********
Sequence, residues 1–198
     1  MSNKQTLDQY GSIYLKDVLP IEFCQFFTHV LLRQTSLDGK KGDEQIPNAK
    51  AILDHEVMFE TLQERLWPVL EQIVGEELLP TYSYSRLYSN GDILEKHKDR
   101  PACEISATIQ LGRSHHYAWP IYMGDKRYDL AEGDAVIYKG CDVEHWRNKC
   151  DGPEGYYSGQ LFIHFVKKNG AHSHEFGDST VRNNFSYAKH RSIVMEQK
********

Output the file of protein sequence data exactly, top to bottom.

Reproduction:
Sequence, residues 1–198
     1  MSNKQTLDQY GSIYLKDVLP IEFCQFFTHV LLRQTSLDGK KGDEQIPNAK
    51  AILDHEVMFE TLQERLWPVL EQIVGEELLP TYSYSRLYSN GDILEKHKDR
   101  PACEISATIQ LGRSHHYAWP IYMGDKRYDL AEGDAVIYKG CDVEHWRNKC
   151  DGPEGYYSGQ LFIHFVKKNG AHSHEFGDST VRNNFSYAKH RSIVMEQK